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RMS' Bio | The GNU Project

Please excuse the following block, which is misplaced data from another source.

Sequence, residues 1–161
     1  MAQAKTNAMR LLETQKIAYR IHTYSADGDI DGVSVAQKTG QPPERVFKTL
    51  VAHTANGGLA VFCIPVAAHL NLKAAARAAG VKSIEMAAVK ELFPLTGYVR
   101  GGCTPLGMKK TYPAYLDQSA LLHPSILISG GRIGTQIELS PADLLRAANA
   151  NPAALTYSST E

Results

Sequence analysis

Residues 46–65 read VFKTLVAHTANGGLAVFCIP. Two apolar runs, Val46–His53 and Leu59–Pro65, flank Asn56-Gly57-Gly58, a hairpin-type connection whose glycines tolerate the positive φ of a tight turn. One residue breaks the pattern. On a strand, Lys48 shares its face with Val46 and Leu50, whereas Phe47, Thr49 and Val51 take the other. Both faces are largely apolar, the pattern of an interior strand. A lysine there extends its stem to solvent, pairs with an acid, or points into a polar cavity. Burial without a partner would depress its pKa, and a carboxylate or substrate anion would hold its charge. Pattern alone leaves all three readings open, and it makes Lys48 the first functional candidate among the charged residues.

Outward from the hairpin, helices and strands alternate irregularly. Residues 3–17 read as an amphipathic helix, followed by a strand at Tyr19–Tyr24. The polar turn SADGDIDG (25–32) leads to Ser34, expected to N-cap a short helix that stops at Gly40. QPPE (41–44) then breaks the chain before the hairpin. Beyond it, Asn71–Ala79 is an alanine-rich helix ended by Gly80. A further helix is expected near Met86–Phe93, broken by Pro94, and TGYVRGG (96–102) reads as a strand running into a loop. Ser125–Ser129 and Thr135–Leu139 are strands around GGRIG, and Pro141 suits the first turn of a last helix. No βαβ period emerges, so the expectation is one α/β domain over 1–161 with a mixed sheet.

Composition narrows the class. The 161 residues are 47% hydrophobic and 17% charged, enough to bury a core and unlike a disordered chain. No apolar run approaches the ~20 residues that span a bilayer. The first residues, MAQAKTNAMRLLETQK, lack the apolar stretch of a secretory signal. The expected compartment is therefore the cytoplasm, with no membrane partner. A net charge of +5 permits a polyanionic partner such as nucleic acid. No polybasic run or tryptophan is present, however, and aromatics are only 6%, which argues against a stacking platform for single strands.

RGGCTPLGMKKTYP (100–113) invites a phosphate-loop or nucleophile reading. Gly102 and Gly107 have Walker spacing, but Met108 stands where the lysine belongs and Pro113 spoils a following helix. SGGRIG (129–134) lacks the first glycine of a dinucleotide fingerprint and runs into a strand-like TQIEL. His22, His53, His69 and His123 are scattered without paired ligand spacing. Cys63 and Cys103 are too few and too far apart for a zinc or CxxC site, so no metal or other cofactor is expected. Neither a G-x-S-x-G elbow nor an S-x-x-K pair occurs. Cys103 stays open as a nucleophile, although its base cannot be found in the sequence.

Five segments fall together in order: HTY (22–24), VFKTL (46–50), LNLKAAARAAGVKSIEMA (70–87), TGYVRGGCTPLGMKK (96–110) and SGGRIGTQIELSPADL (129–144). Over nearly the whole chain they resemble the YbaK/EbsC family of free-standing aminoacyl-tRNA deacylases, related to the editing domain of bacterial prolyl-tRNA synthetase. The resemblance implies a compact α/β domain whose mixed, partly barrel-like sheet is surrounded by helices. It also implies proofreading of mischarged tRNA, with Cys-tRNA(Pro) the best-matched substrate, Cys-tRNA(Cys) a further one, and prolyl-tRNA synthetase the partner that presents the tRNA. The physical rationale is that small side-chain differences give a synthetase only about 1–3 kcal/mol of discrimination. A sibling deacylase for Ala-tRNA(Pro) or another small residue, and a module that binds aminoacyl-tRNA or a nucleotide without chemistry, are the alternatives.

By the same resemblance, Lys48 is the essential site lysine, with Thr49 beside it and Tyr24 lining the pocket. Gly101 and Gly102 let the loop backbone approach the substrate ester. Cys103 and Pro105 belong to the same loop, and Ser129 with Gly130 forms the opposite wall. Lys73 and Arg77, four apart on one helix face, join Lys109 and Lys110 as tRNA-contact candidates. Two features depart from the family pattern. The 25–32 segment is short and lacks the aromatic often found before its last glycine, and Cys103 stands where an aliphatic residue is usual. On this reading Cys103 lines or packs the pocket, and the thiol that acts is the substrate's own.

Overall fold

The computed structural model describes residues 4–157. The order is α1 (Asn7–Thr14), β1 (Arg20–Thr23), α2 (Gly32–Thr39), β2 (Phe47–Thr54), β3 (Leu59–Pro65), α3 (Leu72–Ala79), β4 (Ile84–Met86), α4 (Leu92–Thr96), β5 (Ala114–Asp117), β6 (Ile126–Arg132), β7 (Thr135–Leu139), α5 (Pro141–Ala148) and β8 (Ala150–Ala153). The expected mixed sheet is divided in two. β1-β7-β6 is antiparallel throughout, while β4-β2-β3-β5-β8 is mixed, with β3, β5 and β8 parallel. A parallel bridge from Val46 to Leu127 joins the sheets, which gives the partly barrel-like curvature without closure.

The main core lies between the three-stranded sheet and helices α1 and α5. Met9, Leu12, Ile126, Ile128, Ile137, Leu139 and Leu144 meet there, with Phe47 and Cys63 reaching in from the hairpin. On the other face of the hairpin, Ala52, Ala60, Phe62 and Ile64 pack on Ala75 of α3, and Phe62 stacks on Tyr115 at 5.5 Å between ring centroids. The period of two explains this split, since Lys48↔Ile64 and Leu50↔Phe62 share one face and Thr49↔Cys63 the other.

Dharamsala, India, 1 April 2003 The Dalai Lama today announced the official release of Yellow Hat GNU/Linux. Produced by the Gelugpa or "Yellow Hat" sect of Tibetan Buddhism, this GNU/Linux distribution is designed to encourage benevolence and cooperation. The Dalai Lama said, "The experience of sharing free software will teach all human beings the principle of benevolence toward other beings. Software is formalized knowledge, and sharing knowledge in the GNU spirit is a human duty. The GNU/Linux system offers beings a way to follow the path of benevolence while using computers." Yellow Hat GNU/Linux not only supports the Tibetan language, it also comes with a full library of Buddhist texts in Tibetan, Chinese and English. The Tibetan and Chinese versions are in the public domain; the English translations are newly made and released under a free license. "Users will advance in programming skill and advance towards enlightenment at the same time," said the Dalai Lama. To encourage users to move toward nirvana, a chain of users groups known as GELUGPA (GNU-Enlightened-Linux User Groups for Passion Abatement) is being established. Programmers who have achieved enlightenment become capable of what is called "egoless programming", and can then use the Dbu debugging environment. As an integrated development environment, designed specifically for egoless programming, it also serves as a reminder of the essential unity of all things. Dbu is named after the Tibetan province of Dbu, whose name is pronounced "oo" as in "food". If you see a programmer look at a screen and say "oo!", he is probably using Dbu, or wishing he were. Source code for Yellow Hat GNU/Linux is available on CD-ROM; selected beautiful passages of code can also be ordered as hand-painted tankhas for display on your office wall. The Chinese authorities immediately banned the distribution, claiming that it includes a photo of the Dalai Lama; however, the Yellow Hat development group says it is really a photo of Phil Silvers, included so that DeCSS can display it before playing a film. Chinese spokesmen firmly insisted that "Yellow Hat GNU/Linux will never catch on in China." When confronted with reports that a prerelease version is already widely used in parts of Siquan, Qinghai and Gansu provinces, they said that "This means nothing--those areas are really part of Tibet." When asked what response they expect from Red Hat, the Dalai Lama's spokesmen said that "The Nyingma or Red Hat sect disagrees with us on various points, but all Tibetan sects regard the Dalai Lama as the leader of the Tibetan people. So we don't expect them to criticize the Gelugpa sect for venturing into the software field." The Dalai Lama's spokesmen refused to comment on rumors that the Yellow Hat sect plans to merge with the Church of Emacs. The association between the Dalai Lama and GNU/Linux is an April fool, but the background information about Tibet is accurate--even the fact that Dbu is pronounced "oo". Thanks to Mary Fischer for providing this information. Regarding Phil Silvers, see here. For more information about the Dalai Lama (and Phil Silvers).